Tasting Notes: This Week in Wine Blogs
Wine Thoughts: One of the things that we love about Sandra Crittenden's blog Wine Thoughts is how she seamlessly alternates between a big, boisterous Chilean red that she picked up at the Tasting Room for "approximately $100," and a California quaffer she snagged at H-E-B for $12.
Photo via @SanCrittenden. Houston wine blogger Sandra Crittenden.
And she writes about both wines with the confident, informed voice of a true wine professional who loves and appreciates (and drinks) wines at both ends of the spectrum.
In the glass, the 2008 Lapostolle Clos Apalta "was a deep, almost black, ruby color with fresh aromas and flavors of ripe mixed red and black fruit with sage-herbal undertones and spicy notes. Perfectly balanced, well-structured with a silky mouthfeel and long finish, an exceptional wine."
The 2009 Rodney Strong Chalk Hill Chardonnay "was a medium lemon yellow color with aromas of grapefruit, under ripe pineapple and light oak. Nicely balanced with medium to medium+ body, acidity, alcohol and flavor intensity. Flavors mirrored the aromas with the addition of a chalky minerality in the medium length finish."
Honest wine writing by someone who really knows and enjoys wine. We're sold!
29-95: Speaking of a wide spectrum of value and quality in wine today, top Houston wine writer Dale Robertson's monthly tasting report -- based on notes and scores from a select group of leading Houston wine professionals -- is a fantastic resource for savvy wine shoppers.
From a field that included a New Zealand Sauvignon Blanc under $10 and a California Chardonnay for nearly $50, this month's winner was a Paso Robles Cabernet Sauvignon:
- 2009 Justin Vineyards Cabernet Sauvignon. Overall Score: 19 (9 for quality, 10 for value).
- Our tasters: Gave it a unanimous recommendation with a high score of 9.4. "Light oak... big, rich cherry flavors." My score: 8.8. The forward fruit was almost over-powering for my palate, but there's no denying it's a sumptuous wine. Amazingly, these Paso Robles vines survived a nine-inch downpour during the harvest with no real damage done.
Buy it [at Spec's, cash price]: $20.89.
Dale's tasting group was around long before the advent of wine blogging and we're thrilled to see that this veteran wine writer (and one of the coolest people on the Houston wine scene) has made the leap into the blogosphere.
Wine Skinny: Houston publicist and wine blogger Robyn Tinsley, author of the Wine Skinny, has been treating herself well lately.
She recently opened a bottle of 2009 Shafer Red Shoulder Ranch Chardonnay that she picked up for just under $50.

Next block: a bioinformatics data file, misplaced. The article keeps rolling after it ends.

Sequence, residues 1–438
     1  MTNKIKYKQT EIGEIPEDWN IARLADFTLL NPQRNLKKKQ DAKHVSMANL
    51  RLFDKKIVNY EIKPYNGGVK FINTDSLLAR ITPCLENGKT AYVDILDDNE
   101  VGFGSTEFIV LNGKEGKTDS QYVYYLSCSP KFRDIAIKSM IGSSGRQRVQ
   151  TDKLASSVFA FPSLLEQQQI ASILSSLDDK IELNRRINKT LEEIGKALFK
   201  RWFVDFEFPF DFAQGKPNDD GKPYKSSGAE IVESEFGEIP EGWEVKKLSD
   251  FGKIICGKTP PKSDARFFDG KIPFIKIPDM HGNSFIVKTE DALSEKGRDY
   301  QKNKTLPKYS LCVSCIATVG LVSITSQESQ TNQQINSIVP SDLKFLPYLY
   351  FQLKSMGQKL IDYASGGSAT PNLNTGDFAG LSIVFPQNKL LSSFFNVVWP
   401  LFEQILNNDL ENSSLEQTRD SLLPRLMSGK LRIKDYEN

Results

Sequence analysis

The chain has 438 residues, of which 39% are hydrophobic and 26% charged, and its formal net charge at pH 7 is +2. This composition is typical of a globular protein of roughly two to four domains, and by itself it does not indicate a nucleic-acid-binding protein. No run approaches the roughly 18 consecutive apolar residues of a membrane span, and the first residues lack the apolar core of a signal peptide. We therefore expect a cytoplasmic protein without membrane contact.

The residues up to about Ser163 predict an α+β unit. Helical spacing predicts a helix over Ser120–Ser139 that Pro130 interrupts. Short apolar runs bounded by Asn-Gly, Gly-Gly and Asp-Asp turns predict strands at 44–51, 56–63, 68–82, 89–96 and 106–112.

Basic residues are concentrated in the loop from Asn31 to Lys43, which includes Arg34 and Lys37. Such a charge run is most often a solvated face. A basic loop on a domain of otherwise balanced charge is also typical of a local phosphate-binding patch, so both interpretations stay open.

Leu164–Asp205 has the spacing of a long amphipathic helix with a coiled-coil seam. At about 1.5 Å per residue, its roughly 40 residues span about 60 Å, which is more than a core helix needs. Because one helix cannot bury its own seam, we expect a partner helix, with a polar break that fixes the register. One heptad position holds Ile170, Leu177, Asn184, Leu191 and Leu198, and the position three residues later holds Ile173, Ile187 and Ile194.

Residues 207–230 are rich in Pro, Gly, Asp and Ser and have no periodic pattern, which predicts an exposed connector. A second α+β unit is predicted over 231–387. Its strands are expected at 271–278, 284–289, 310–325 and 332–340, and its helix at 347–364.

"Here's a bit of a splurge Chardonnay for your weekend drinking pleasure," she writes. "There's no malolactic fermentation here, so you really get some nice brightness and acidity from start to finish. Enjoy!"
Malolactic fermentation is the process by which malic acid is converted into lactic acid. Here's an easy way to understand what these terms mean: malic comes from the Latin malum meaning apple; lactic comes from the Latin lac for milk; malic acid is that bright tart acidity you taste in white wines that haven't undergone malolactic fermentation; lactic acid is the softer acidity that you taste in the classic "buttery" expression of "California Chardonnay."
We're excited to learn about a California Chardonnay that has food-friendly acidity (yeah!). But at "14.9 percent alcohol" (egad!) and with "14 months in 75 percent new French oak barrels (Allier, Vosage) and 25 percent in stainless steel barrels" (stainless-steel barrels?), we're not sure we could pair this wine with our favorite fish tacos.
But hey, de gustibus non disputandum est. Blog on, sistah!
On the Wine Trail in Italy: "What makes a wine great?" asks 30-year Dallas-based veteran of the Texas wine industry and top Italian wine blogger Alfonso Cevola in one of a series of inspiring posts (man, this dude is on a roll these days!).
Image via On the Wine Trail in Italy. Giacomo Conterno Barolo Monfortino is considered by many to be Italy's greatest wine.
"What makes a wine great?" he writes. "I think about that all the time, not just because I must constantly taste and evaluate wines for my work, wines which don't need to be great. Often they just need to be good enough, or good values, or just non-offensive. Yes, not all moments are in need of greatness. Not all days are vacation days. No, there is a need for everyday wines. But this is not the time for that discussion. I am pursuing greatness. So what is it that evades these pages, darts about, zips off the screen like a dragonfly or a refraction from a light source? Where does one find this greatness factor?"
The wine and tasting note that follow are a glorious example of how the physical description of wine can lead to metaphysical observations of the human condition.
There are those among us (wine bloggers) who see our mission as the mere technical description of the wines we taste and drink. And then there are those who view our medium as a pretext for reflection on the meaning of our existence. Looking for truth and beauty? Forget the truth and just search for beauty, wine bloggers!
Check out Alfonso's post for some inspiration.
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